I was on a job, which was a boiler clean-and-service. The customer was having a problem with his hot water. He had a service call one or two weeks before, and the tech just took out the mixing valve thermostat and used a commercial coil cleaner to get him on-line again.
Now the customer wasn’t happy with the results, so he asked me if I could fix the problem after I did the cleaning. Since this is not covered on the contract, it would be extra. He agreed with this. I also told him with all the things I had to do that it wouldn’t be just a 15-minute job. He agreed. I did the job. He signed the work order.
His wife refused to pay the bill because she did not authorize the job. Our company gave them the job for free. What should our company have done?
Like many questions, this particular question has both a legal aspect and a client relations aspect.
From a legal standpoint, the approach adopted by the company in addressing this situation was not inappropriate.
First, the company determined that the work that was being requested by the customer was not covered under an existing contract or agreement between the company and the customer. Having made that determination, the company quite properly informed the customer of this fact and the customer agreed with that determination. The company and the customer then essentially agreed that the additional work would be part of a new agreement, pursuant to which the company would be paid for the work.
The critical next step for the company was to get this new agreement in writing. It appears that the company did this by getting the customer to sign the work order. While the exact language of the work order and other circumstances would need to be reviewed to provide a definitive answer, in all likelihood the customer legally obligated himself to pay for the work when he signed the work order.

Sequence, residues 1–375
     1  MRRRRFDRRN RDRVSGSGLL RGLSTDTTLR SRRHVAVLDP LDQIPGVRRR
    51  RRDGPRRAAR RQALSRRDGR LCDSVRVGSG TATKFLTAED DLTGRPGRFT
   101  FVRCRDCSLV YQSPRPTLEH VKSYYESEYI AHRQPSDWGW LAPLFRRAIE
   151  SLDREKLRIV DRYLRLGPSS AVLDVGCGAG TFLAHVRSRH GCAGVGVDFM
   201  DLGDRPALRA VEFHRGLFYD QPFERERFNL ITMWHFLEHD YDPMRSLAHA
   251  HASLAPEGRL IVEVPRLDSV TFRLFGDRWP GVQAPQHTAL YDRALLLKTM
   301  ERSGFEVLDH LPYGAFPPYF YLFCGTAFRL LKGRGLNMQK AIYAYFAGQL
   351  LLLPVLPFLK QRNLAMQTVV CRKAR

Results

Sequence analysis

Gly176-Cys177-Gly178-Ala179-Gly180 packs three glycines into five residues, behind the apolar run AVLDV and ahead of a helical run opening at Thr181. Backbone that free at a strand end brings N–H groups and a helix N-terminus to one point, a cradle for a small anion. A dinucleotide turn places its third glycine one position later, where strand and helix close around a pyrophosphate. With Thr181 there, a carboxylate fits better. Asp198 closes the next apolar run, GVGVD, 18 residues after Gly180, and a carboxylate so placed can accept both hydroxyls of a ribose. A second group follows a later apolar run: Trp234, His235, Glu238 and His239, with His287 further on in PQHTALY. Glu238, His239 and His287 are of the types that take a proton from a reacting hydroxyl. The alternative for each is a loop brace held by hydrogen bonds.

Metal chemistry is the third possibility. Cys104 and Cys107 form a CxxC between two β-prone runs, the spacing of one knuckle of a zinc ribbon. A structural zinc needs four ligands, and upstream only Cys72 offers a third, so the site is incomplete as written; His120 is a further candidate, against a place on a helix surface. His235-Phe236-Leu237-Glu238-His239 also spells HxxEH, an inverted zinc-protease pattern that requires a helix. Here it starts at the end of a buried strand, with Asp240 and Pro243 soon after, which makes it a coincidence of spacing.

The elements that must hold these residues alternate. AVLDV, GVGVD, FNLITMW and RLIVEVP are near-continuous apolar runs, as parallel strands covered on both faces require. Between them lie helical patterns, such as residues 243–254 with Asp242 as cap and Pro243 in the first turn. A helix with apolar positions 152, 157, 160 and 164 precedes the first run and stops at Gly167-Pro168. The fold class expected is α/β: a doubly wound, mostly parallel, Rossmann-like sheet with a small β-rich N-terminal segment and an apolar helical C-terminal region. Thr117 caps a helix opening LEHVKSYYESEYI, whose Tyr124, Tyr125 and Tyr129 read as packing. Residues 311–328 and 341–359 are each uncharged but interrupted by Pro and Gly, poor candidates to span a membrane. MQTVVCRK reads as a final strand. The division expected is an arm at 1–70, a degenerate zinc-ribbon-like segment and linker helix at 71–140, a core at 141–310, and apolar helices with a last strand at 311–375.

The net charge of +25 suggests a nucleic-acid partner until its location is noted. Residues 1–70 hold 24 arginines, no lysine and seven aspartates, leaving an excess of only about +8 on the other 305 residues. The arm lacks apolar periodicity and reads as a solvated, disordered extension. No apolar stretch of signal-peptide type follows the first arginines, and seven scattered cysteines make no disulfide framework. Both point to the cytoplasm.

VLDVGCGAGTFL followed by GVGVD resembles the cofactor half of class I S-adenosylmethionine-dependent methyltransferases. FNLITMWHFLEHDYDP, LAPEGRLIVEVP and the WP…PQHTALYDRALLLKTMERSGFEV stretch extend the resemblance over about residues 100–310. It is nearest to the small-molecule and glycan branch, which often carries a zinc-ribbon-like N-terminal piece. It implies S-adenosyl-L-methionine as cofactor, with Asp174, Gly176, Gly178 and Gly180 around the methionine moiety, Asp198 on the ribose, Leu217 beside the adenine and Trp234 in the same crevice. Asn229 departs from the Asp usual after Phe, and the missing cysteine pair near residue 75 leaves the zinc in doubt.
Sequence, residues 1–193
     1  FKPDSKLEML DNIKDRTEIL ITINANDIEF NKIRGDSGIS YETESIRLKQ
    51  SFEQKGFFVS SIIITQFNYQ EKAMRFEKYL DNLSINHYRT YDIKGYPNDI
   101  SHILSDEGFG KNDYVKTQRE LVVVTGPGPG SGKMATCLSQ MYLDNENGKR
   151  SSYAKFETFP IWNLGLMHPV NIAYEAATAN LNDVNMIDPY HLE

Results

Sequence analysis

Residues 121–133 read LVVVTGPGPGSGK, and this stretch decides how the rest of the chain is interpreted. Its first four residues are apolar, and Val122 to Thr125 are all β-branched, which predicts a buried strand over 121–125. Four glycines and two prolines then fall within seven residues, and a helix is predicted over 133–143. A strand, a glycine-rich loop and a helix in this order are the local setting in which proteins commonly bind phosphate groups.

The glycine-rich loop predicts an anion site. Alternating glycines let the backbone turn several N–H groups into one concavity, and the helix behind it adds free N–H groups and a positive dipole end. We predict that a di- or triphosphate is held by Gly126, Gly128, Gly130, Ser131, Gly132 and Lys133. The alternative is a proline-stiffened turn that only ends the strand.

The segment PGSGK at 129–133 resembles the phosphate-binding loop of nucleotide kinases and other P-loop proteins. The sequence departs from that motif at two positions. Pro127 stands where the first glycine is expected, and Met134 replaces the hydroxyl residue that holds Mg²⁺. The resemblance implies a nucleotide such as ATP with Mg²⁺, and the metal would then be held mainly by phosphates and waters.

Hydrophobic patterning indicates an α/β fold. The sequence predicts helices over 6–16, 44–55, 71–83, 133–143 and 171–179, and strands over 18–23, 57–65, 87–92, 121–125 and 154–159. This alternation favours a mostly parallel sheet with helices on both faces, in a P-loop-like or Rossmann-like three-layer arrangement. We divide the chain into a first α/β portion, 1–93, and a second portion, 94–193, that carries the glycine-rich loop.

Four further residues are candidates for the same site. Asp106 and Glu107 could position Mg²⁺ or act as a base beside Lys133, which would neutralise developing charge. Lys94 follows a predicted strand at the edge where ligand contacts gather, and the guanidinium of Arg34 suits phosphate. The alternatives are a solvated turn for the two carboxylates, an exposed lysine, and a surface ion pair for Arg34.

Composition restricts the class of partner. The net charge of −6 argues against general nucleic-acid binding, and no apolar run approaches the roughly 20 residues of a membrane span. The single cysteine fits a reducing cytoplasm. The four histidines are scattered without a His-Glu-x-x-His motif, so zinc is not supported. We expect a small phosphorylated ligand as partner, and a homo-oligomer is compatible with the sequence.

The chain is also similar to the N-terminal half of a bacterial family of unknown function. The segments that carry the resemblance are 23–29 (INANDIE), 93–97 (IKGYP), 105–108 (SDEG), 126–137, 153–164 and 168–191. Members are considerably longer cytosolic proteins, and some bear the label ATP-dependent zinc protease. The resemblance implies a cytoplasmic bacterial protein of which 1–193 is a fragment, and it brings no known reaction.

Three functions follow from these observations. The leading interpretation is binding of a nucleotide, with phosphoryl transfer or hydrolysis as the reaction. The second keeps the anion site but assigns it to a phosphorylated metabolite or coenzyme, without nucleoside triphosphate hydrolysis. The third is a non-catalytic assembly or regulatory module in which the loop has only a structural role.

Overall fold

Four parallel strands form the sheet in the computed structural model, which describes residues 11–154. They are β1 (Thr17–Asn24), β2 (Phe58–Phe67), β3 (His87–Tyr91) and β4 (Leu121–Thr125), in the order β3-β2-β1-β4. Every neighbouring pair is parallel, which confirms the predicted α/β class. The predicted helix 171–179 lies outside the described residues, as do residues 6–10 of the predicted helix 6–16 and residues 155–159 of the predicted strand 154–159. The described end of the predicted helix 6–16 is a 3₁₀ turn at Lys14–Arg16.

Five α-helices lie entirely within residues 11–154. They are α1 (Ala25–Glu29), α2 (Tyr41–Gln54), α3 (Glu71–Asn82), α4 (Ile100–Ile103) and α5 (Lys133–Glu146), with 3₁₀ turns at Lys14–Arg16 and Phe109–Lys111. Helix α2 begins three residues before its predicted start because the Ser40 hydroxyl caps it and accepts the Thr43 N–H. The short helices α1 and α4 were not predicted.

The customer could subsequently raise some legitimate defenses to his obligation to pay for the work, depending on the circumstances. For example, if circumstances warranted, the customer could assert that payment was not due because the work was not done properly. However, in this case, the customer asserted no such defense, but instead appears to have claimed that he did not have to pay for the work because his wife did not authorize it. In most circumstances, such a claim would be legally tenuous.
Assuming that the husband had an ownership interest in the house or dwelling unit and was in a position to authorize the work in the first place, it would make no difference that his wife did not also specifically authorize the work. Ordinary commerce could hardly go on in this country if both a husband and a wife were required to authorize every debt incurred or purchase made by one of them. Therefore, it is likely that the company could have enforced its right to receive payment for the work that was done. In fact, even if the company had been required to obtain the wife’s authorization and had not done so, the company might still be entitled to payment for the work done under some circumstances.
Having said that, the other aspect of this situation is, of course, the client relations aspect, which is what appears to have determined the company’s ultimate course of action in this case.
An attorney can advise a company of its legal rights in a situation like that described here, but, in the final analysis, a company’s decision about whether to enforce its rights will always be a matter of business judgment.
In this case, the company may have legitimately decided to forego its right to payment in order to try to keep the husband and wife as customers over the long term. In such a situation, a company could also try to reach a compromise by agreeing to reduce the bill. There are many potential resolutions. The company must ultimately determine which one makes the most sense from a business perspective.
Jackson is an attorney with the Washington, DC, law firm of Kelley, Drye & Warren, LLP.
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Publication date: 05/13/2002